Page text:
Thou Art My Servant, Oh Israel

Isaiah 49, See also 1 Nephi 21

The first thought that impresses me in this reading is that the Lord is behind it all. It is His name’s honor that will be achieved in the end. “Kings shall see and arise, princes also shall worship, because of the Lord that is faithful,” (vs. 7)

At a different time and a different season in my life I was able to extract much more out of these verses than I have in the present season of my life. But then, what I am now discovering I never understood before.

This session of study started with a comparison of the two chapters. Notable, 1 Nephi 21 starts with a more detailed explanation of the target audience: “all ye that are broken off, that are scattered abroad, who are of my people, O house of Israel.”

The first two verses sound like a reference to the Savior: “from the bowels of my mother hath he made mention” and “he hath made my mouth like a sharp sword”, etc. But then in verse 3, Isaiah sounds to be very deliberately shifting focus to address Israel: “Thou art my servant, O Israel, in whom I will be glorified.”
Are we talking about the Savior of the world or are we talking about Israel? Answer: both.

Here’s where the shift in my thinking takes place: I have always looked at Israel as sort of like God’s pet project. “At the end of the day, Israel will be saved.”

But no, Israel is not God’s pet project, but rather for Israel to take its rightful place in the work of God is for Israel to take its place as the Lord’s servant, and if a servant to the Lord, then also a partner, an equal. Christ and His servant, Israel, should be equal and one in the same.

God’s scope is much broader than just Israel. Israel is suppose to be the tool by which the rest of the nations are to be redeemed. And oh, what a frustrating prospect, it seems at times, to have to drag Israel along. ( See vs. 4 )

(The following are notes that were taken when I studied 1 Nephi 21 many years ago. It helps me to understand what’s going on in the rest of this chapter. )

Verses 16-26

These are some exciting verses that illustrates the surprise of a desolated House of Israel at the righteous posterity that will be raised up to possess the promised land.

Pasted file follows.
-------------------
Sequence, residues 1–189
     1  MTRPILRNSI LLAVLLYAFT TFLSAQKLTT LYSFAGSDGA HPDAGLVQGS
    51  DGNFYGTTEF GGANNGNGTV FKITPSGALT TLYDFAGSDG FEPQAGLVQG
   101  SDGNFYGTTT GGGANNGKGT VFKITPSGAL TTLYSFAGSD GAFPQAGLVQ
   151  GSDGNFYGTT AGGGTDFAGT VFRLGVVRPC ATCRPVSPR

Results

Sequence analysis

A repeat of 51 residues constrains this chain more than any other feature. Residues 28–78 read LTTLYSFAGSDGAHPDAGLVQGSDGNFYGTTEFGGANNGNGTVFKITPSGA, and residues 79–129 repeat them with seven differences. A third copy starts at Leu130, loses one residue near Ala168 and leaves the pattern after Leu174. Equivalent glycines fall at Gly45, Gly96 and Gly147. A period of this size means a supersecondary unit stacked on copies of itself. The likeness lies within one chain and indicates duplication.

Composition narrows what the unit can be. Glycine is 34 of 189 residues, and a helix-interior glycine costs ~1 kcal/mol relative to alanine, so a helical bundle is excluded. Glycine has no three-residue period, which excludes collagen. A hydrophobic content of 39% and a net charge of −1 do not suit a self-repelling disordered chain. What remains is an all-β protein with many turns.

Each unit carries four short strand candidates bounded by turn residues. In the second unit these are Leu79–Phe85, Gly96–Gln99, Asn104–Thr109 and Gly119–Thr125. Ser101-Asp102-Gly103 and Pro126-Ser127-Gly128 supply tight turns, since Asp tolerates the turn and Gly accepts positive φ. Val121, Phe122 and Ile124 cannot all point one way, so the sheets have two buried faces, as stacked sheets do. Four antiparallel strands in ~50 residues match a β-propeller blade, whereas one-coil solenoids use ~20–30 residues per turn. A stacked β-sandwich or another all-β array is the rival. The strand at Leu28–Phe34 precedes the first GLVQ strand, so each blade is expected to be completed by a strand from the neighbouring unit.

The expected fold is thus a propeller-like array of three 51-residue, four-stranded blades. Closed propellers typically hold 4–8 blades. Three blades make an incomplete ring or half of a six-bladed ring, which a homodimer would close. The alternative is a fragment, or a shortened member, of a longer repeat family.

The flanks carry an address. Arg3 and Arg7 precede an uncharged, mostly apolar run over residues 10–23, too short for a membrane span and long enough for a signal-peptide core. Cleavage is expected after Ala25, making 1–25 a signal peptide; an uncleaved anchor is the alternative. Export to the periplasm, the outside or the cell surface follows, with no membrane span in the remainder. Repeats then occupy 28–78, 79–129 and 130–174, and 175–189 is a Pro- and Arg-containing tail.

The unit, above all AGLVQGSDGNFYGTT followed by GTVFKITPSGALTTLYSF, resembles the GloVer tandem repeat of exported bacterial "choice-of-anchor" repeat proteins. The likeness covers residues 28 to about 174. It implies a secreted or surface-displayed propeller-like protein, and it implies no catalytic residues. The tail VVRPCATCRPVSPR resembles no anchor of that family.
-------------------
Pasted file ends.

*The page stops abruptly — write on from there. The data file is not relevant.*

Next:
Verse 16 is profoundly moving and encouraging. The Lord describes his capacity to remember us in terms of his suffering and crucifixion by saying, “I have graven thee upon the palms of my hands.” This is the evidence that the Lord Jesus Christ gives that he will not forsake His people and that He will honor the covenant that He has made with the House of Israel.

What follows are reassuring words of hope in the promise of a righteous posterity.

  • “Thy children shall make haste against thy destroyers,”(vs 17). This seems to suggests that whatever was a struggle for us in our day and time shall be much easier to overcome for the next generation that is brought up in righteousness.
  • “Lift up thine eyes round about and behold; all these gather themselves together, and they shall come to thee,” (vs 18). This reminds me that there are many that long for the ways of the righteous, and many will find them.
  • The actuality of such a posterity yet comes as such a surprise to the remnant of the house of Israel that they ask “Who hath begotten me these, seeing I have lost my children. ” (vs 21).

Verse 22 picks up as an answer to the question posed in verse 21: how is it that Zion had any children if everyone of her natural children had been destroyed? The answer is pivotal to understanding the purposes of the Lord in the last days and how exactly it is that the Lord will redeem His people.

The answer:

Behold, I will lift up mine hand to the Gentiles, and set up my standard to the people; and they shall bring thy sons in their arms, and thy daughters shall be carried upon their shoulders.

Verse 22

Footnotes on “standard”include additional references to this final work (see footnote – Ensign). The standard is also called an ensign. Important doctrines related to the establishment of this final standard or ensign: The work is to be initiated among the gentiles, and it is of such as scope that it will reach the ends of the earth. This is a global work. Yet it is extremely individual.

This particular final point is strongly impressed upon my mind. We are dealing with the salvation of God’s family, and in the end, it shall be as it was in the beginning–available to all. The atonement of Christ works for all men; Jew, Gentile, Tongan, Chinese, Ethiopian, Russian, Israeli, Palestinian, Scandinavian, Brazilian, Indian, French, Nigerian, Australian, American, and all. It is almost impossible for us to comprehend as mortals that all the ends of the earth shall see the salvation of God (see Isaiah 52:10, Mosiah 15:31, or Doctrine and Covenants 133:3). But this is the work of the Church of Jesus Christ of Latter-Day Saints.

Then this chapter concludes with these words of encouragement: “For I will contend with them that contendeth with thee, and I will save thy children,” (see vs. 25). This is the faith, the hope, the promise that inspires the work to be accomplished. This is the strength to scale an insurmountable mountain.

In these closing verses are assurance to go ahead with the fight that we are to wage against the forces of this world. There is also the reminder that this is in part why our Lord is also referred to as our Savior, our Redeemer, and the Mighty One of Jacob.

Footnote: There is something about myself personally that has always resonated with the idea of a global church family. I like being a part of a family that spans the globe. This idea feels to be a part of my purpose or personal mission.

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